Dina Wilson outlines some of the impending changes to Bermuda's Companies Act.

In December 2002, the Bermuda Legislature passed a Bill entitled The Companies Amendment Act 2002 (the Amendment Act). This much anticipated Amendment Act is slated to become effective, upon the assent of the Governor of Bermuda, on 14 February 2003 and is a welcome update to the Companies Act 1981 (the Act).

Essentially, the Amendment Act is the fruit of proposals contained in the 2002 report of the Bermuda International Business Association (BIBA) Legislative Change Committee. It underscores the collaborative nature of regulation in Bermuda and affirms the forward-thinking direction and vision being taken by the Bermuda government towards maintaining the integrity of the international business sector. At the same time, it streamlines some of the current corporate practices and procedures, the overall result of which will be an even more efficient system for the operation and administration of companies in Bermuda.

Prospectuses
Significant refinements have been made with regard to the requirements for the publication and filing of prospectuses. Prior to the Amendment Act, insurance and other companies were required to publish and file a prospectus signed by all of the directors or provisional directors of the company with the Registrar of Companies before certain share offerings could be made to the public. This often created very difficult timing issues for many listed Bermuda companies.

The Amendment Act has addressed these issues by including language to the effect that a prospectus can now also be filed "as soon as reasonably practical" after a share offer has been made.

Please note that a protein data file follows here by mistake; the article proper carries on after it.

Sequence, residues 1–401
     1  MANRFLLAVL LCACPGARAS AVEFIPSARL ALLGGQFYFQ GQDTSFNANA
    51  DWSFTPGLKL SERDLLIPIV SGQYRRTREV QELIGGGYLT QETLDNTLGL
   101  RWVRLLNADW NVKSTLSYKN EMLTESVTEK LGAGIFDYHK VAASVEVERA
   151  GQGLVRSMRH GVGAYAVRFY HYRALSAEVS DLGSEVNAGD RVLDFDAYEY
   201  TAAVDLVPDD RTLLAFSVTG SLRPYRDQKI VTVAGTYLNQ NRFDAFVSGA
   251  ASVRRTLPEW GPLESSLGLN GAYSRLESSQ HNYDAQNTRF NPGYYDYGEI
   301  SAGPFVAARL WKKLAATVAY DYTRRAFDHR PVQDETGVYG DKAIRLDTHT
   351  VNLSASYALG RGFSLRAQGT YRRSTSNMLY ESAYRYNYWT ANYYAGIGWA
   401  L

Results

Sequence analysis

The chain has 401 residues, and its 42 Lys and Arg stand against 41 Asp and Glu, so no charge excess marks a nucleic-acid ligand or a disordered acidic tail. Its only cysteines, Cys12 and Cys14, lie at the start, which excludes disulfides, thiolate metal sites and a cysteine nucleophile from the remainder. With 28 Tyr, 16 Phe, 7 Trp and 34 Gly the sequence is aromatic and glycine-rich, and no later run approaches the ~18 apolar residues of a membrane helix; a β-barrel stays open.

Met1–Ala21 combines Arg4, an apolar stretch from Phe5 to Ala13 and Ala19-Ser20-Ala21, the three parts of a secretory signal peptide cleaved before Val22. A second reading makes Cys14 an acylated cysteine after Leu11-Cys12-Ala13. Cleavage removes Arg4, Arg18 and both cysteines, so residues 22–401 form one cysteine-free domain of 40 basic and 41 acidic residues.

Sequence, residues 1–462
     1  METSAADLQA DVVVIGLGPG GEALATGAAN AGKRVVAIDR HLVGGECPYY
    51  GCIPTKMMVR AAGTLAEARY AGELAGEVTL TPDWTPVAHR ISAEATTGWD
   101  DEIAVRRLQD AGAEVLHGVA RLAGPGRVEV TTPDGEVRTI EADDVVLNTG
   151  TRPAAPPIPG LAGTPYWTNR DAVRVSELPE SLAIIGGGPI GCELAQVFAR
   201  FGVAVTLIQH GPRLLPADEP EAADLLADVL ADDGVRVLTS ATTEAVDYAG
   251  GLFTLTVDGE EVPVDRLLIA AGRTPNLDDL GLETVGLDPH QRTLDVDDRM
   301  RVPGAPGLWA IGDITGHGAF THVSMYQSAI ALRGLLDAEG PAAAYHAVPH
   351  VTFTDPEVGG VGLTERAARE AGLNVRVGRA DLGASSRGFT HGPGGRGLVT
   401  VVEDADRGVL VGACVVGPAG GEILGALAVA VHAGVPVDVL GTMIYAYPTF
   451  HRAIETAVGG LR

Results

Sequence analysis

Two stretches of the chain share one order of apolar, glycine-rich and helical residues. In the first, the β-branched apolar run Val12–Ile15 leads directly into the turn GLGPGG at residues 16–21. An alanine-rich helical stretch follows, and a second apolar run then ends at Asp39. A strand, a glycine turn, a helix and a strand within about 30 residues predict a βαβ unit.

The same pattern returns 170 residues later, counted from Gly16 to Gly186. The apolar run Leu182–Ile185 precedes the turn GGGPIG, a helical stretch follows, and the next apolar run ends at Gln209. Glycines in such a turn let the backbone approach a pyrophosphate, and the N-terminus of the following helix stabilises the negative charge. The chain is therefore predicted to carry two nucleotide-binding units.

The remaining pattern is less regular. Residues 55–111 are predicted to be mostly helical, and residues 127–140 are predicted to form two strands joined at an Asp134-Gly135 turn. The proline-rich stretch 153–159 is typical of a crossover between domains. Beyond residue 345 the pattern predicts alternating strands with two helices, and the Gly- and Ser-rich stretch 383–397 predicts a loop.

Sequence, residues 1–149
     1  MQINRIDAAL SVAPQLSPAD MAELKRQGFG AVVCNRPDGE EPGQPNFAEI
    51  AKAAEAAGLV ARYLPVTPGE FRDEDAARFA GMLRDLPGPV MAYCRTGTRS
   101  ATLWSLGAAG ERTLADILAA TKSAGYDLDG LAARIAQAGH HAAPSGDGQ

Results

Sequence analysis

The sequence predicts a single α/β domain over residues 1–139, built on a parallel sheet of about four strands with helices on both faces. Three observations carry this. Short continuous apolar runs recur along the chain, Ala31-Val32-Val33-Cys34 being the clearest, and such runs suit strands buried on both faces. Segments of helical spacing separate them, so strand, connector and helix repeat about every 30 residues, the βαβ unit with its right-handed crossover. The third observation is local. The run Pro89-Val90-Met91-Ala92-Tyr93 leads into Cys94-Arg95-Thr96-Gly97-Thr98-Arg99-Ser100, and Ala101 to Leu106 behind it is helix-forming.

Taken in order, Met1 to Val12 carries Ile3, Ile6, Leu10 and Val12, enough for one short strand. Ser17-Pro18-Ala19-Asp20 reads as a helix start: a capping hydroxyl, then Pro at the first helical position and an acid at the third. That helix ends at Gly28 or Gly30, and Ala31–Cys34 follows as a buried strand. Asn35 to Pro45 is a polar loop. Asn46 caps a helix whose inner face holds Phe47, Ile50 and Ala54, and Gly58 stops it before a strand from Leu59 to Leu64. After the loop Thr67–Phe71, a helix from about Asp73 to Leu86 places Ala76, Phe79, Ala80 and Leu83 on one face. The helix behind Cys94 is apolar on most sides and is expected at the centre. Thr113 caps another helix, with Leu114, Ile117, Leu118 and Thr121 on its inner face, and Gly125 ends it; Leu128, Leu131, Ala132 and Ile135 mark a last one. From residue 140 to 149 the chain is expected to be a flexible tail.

The Amendment Act also provides that companies listed on an `appointed stock exchange' do not have to publish and file a prospectus at any time or in any circumstances where the rules of the appointed stock exchange do not require the company to do so; or where the rules of a competent regulatory authority exempt publication and filing of the prospectus. An exception to this second point is where the exemption from publication is given because the offer of shares is to persons resident outside the jurisdiction of the regulatory authority.

Share repurchase
The Amendment Act clarifies the position of Sections 42 and 42A of the Act, which cover company share buybacks. These sections are now to be understood to mean that the specific manner of share redemption or repurchase does not have to be set out in the bye-laws themselves but can now be determined by methods permitted in the company byelaws.

Regarding the use of the share premium, previously under the Act share premium of a certain class of shares could be used in respect of that class only. Companies now have the option to apply the share premium in capital transactions of any class of shares, thus freeing premium once locked in one class of company shares.

Foreign regulators
New powers of investigation have been given to the Minister of Finance to assist `foreign regulatory authorities' pursuant to clause 16 of the Amendment Act, by the insertion of new clauses 272B to 272E. These clauses outline the powers of investigation bestowed upon the Minister and set out when it is appropriate for such powers to be used. The Minister's new powers are in addition to the powers of investigation already held by the Bermuda Monetary Authority (BMA) to assist a `foreign regulatory authority', pursuant to section 51A of the Insurance Act 1978.

Under the Amendment Act, the Minister has the authority to assist a foreign regulatory authority, which has requested assistance, in connection with enquiries being carried out by it in the performance of its regulatory functions. The inclusion of this amendment is of no surprise to the Bermuda international business community as the Bermuda government has always been prepared to assist with issues of `transparency' when it has deemed that a request from a foreign regulatory authority is a valid one.